“’Tross….ain’t that I don’t trust you, but ‘xactly who’s ‘we’?” The man asked sensible questions at least, “I really ain’t gonna feel good ‘bout this escape if all you’ve got is Jayne on your side.”

“Ape man was too sensible to leave,” River replied and Riddick liked that she was half smiling now. “Door should open…” She hit the keys and the door began to slowly slide open.

Riddick looked in the cell and found a man sitting on a folded up pallet, his clothes slightly less grubby than the rest of the prisoners though he was none too fresh. “Hey, guess you’re her Cap’n Daddy?”

The slightly bewildered face nodded, “Yeah that’d be me. Heinous villain responsible for the Miranda Wave.”

Riddick tilted his head as the murmurs in the corridor rose to a fever pitch for a moment before Lawton and Harley hushed them. “Well I’m Riddick. Your Albatross calls me her trojan horse.”

“Riddick, he’s all right?” River’s anxious voice called.

“Yeah, think he just ain’t sure we’re real yet, s’all,” Riddick called back.


He had to be seeing things. There was no way zài dì yù de dì qī guā yuē jī zhōng that his little Albatross had broken into Belle Reve and recruited one of the most notorious killers in the ‘Verse to help.

The big man crouching down in the door of his cell to meet his eyes was the biggest meanest looking gǒu niáng yǎng de he’d ever seen. He didn’t look like a guard, or anyone else he’d ever met so that argued for him being a real person. Hearing River’s voice counted against that notion though.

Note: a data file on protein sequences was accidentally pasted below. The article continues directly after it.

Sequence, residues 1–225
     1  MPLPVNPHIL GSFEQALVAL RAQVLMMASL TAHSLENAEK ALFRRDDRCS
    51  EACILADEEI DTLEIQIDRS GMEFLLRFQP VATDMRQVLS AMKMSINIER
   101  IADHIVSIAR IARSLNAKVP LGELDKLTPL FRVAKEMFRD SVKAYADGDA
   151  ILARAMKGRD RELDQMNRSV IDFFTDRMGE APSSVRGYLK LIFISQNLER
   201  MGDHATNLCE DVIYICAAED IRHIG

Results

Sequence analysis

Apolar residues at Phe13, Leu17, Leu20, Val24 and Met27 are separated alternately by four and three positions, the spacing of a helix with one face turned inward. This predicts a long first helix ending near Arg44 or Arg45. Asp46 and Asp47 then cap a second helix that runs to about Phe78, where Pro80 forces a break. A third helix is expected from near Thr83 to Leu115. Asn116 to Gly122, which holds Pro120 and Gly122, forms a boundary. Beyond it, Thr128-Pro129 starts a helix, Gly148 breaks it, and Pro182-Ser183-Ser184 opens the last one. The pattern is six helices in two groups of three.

“You know I’ve seen things before. Perils of being left in solitary,” He informed the big man peering at him with silver eyes. “Last stint as a POW I was with my men. Some easier then. Bein’ together. ‘Cept you got so you forgot who was dead and who wasn’t… waitin’ in the Valley. Heard folk strugglin’ for breath as had died three days before.”

“Yeah, I gotcha. But you’re not seeing things. Your daughter’s a genius, remember?” The big man half smiled, “She’s gorgeous on top of that. You don’t come out here I might just forget myself and start making advances.”

“You will not!” He was not having that, not with his little girl, she was a sweet innocent child yet.

“Better come out an’ stop me,” The big hún dàn taunted.

Well that needed an answer, and Mal managed to stumble his way across his little cell without concussing hisself on the ceiling or doorjamb in a semi-respectable charge. He did not succeed in wrapping his hands around the hún dàn’s throat but he did fall on top of him.

“Well I got him,” The dark evil sounding voice chuckled in his ear. “Where do you want the package lady?”

He heard his little girl giggle, “He does not believe I am real yet.”